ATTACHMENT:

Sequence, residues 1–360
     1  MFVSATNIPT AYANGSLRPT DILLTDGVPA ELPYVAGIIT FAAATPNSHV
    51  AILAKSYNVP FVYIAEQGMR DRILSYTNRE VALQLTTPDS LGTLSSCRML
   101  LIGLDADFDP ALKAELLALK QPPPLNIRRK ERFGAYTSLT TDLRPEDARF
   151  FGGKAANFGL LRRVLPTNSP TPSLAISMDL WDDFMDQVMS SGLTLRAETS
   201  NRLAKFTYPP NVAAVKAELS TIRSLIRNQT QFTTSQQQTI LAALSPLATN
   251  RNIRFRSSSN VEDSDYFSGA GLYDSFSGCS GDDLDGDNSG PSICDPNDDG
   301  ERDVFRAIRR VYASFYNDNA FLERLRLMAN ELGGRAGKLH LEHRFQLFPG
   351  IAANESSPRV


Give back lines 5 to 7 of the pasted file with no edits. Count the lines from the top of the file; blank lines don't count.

   151  FGGKAANFGL LRRVLPTNSP TPSLAISMDL WDDFMDQVMS SGLTLRAETS
   201  NRLAKFTYPP NVAAVKAELS TIRSLIRNQT QFTTSQQQTI LAALSPLATN
   251  RNIRFRSSSN VEDSDYFSGA GLYDSFSGCS GDDLDGDNSG PSICDPNDDG